That was accurate on December 4, the day Sierra published its findings. But after this story published, Don Drysdale, a public information officer with California’s Department of Conservation, wrote to clarify that the situation had since changed. Late last year, CalGEM obtained a $30 million blanket bond from CRC, dated 12/19/23. CRC is the only company to have issued a bond of that magnitude, but CalGEM is “endeavoring to get more,” Drysdale said. 

A day after this story published, CRC announced another major development: it would acquire Aera Energy in a $2.1 billion deal. Drysdale said the recently issued maximum bond was “not related to the merger with Aera.” 

Back in 2016, California lawmakers made moves to deal with the rising number of idle wells. Assembly members Das Williams and Tony Thurmond introduced AB 2729, a bill that removed the blanket bond exception and mandated dramatically increased fees for every individual unplugged well, regardless of bond status. The proposed fee structure, which ranged from $500 to $10,000 per well based on how long it had been idle, would have cost the biggest operators tens of millions of dollars per year, according to a Sierra Club analysis shared with DeSmog. 

Along with that stick, AB 2729 also offered a carrot. It gave oil and gas companies an opportunity to avoid paying those fees, but only if they hit an ambitious, ongoing benchmark: annually plugging 25 percent of their long-term idle wells — those out of production at least eight years.

Das Williams
In 2016, California Assemblyman Das Williams helped introduce a bill to manage idle wells. Credit: Office of the California Assembly, public domain

Pro-industry lobbying groups immediately and vociferously opposed the first incarnation of AB 2729, ramping up an attack within weeks of the bill’s introduction.  

In March 2016, Assemblyman Williams received a letter signed by industry groups including the Western States Petroleum Association (WSPA), CIPA, and the California Chamber of Commerce. AB 2729’s proposed regulatory changes “could bankrupt oil and gas operations in California,” they wrote. Further, they argued that “forced plugging” was misguided, because idle wells did not pose “any threat to public safety or the environment” — while resulting in economic harm.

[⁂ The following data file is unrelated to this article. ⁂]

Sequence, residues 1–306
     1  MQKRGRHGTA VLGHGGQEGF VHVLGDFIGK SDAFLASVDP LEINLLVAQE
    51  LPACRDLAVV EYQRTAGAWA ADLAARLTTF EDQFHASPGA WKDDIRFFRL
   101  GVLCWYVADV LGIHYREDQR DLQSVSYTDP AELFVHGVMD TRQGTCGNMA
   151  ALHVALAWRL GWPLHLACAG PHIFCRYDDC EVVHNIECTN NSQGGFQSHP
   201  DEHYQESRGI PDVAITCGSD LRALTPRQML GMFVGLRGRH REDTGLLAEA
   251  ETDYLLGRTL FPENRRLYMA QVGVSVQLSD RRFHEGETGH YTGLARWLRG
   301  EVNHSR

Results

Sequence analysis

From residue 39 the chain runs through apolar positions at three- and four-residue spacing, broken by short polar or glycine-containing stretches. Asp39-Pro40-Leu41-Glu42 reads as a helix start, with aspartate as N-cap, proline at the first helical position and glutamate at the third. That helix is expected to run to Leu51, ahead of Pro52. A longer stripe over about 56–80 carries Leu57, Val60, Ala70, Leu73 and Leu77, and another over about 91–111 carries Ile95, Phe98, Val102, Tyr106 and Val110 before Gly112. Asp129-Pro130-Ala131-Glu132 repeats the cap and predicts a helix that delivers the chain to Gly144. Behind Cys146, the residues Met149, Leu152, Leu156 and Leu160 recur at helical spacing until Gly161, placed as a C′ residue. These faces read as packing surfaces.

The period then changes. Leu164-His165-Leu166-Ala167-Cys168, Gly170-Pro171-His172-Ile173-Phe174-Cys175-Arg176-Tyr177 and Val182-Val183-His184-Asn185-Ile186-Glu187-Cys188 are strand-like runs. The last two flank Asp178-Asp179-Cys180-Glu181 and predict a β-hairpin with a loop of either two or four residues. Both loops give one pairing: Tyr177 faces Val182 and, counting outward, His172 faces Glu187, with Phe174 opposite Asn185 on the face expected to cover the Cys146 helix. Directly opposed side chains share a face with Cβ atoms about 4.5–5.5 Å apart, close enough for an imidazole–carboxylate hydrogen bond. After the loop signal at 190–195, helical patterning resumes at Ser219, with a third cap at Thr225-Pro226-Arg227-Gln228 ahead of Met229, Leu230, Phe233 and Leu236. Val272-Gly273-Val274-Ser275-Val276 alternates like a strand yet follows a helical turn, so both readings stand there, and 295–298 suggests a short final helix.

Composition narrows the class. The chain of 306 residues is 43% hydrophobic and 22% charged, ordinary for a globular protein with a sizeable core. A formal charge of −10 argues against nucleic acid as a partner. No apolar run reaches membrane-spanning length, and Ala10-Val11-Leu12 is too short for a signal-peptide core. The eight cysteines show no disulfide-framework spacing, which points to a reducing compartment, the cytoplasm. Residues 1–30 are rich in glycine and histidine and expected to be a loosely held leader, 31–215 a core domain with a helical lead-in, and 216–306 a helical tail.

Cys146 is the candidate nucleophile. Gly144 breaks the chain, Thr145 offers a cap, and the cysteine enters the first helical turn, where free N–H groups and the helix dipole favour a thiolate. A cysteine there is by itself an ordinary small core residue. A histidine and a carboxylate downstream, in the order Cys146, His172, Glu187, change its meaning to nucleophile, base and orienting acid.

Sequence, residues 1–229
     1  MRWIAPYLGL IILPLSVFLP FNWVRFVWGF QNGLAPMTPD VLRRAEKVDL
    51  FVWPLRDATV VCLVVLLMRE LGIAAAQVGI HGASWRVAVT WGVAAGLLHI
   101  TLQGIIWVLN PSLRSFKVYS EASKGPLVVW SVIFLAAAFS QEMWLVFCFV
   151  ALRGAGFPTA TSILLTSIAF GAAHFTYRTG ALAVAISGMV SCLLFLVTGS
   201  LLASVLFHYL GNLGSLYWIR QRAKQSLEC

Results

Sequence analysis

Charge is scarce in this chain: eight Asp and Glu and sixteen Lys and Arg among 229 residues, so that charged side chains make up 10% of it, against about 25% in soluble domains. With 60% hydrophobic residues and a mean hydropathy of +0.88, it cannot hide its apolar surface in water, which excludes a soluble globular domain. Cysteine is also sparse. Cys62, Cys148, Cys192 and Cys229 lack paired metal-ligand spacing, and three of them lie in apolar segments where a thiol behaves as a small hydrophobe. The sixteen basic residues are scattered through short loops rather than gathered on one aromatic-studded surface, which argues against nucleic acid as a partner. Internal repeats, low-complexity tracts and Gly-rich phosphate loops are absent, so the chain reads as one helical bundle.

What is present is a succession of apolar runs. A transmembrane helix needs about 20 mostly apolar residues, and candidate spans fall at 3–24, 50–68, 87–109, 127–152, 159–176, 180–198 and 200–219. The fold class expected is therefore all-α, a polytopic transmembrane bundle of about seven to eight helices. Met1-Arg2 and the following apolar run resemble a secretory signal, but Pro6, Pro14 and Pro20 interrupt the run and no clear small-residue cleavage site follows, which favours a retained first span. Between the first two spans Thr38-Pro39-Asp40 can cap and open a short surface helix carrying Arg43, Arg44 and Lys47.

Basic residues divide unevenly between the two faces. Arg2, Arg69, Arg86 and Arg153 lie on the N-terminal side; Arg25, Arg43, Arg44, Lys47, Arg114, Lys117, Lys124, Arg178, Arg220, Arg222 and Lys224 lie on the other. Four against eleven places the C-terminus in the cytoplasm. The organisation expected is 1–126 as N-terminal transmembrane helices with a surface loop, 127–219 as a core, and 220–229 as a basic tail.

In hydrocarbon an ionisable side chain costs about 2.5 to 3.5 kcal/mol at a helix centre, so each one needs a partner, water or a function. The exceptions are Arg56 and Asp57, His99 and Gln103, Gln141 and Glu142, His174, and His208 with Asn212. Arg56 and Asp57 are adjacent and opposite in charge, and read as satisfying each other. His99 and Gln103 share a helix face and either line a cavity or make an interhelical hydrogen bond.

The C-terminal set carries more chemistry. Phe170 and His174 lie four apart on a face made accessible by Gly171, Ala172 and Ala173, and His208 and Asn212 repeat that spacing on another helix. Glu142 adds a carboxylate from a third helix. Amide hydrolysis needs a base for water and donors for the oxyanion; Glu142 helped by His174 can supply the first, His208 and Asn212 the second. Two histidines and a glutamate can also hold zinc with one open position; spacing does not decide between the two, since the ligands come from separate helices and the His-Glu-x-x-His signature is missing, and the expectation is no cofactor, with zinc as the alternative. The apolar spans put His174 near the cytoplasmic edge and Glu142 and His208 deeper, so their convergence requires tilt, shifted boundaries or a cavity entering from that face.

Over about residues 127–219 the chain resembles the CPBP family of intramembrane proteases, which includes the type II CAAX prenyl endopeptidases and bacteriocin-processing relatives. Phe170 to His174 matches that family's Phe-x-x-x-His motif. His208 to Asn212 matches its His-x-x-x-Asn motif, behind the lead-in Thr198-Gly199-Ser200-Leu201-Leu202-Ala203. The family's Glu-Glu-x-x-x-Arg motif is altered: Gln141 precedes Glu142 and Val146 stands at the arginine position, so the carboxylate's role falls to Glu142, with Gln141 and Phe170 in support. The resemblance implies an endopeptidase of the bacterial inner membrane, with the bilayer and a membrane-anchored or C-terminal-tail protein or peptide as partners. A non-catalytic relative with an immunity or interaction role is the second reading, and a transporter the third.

“Excessive fees also force operators to redirect capital that could be otherwise put toward investment and projects that generate jobs and expand domestic energy production in California,” they wrote.

Page 1 of AB 2729 WSPA, CIPA Oppo
Contributed to DocumentCloud by Joe Fassler (DeSmogBlog) • View document or read text

Williams, who today is first district supervisor for Santa Barbara County, said that back then, the oil and gas sector was in a position to throw its weight around. The industry essentially had “veto power” in the California legislature, he said. At the time, his Democratic colleagues had such a slim majority that they could only afford to lose a few votes on a measure — a situation that empowered the party’s moderate bloc, which Williams said tended to want to appease fossil fuel interests. 

“I don’t want to say that happened in every case, but that was often the case — especially on the industry’s highest priorities,” he said. 

Given that dynamic, Williams said he had no choice but to negotiate. Given then-governor Jerry Brown’s strong support of the bill, he said, it was clear to everyone that the new approach to annual fees on idle wells would pass in some form. But industry managed to reduce those fees considerably, as revealed by documents obtained by the Sierra Club and shared with DeSmog. 

That May, in a memo outlining their opposition, CIPA and WSPA proposed a series of changes to AB 2729. One key suggested amendment included greatly reducing the proposed annual fees — by a factor of ten in some cases. Another allowed the largest operators to avoid fees entirely by closing only 4 to 6 percent of their long-term idle wells, rather than 25 percent, each year. These amendments effectively sapped the power of both the bill’s carrot and stick.

The changes the industry groups proposed ultimately appeared in the language of the final bill — and once their changes were included, the oil and gas sector stopped opposing AB 2729. In a memo obtained by the Sierra Club from the state archives, industry groups including CIPA and WSPA expressed satisfaction with the changes, updating their stance on the legislation to “neutral.” Around the same time, a third sponsor, moderate democratic assemblyman Rudy Salas, was also added as a co-sponsor of the bill.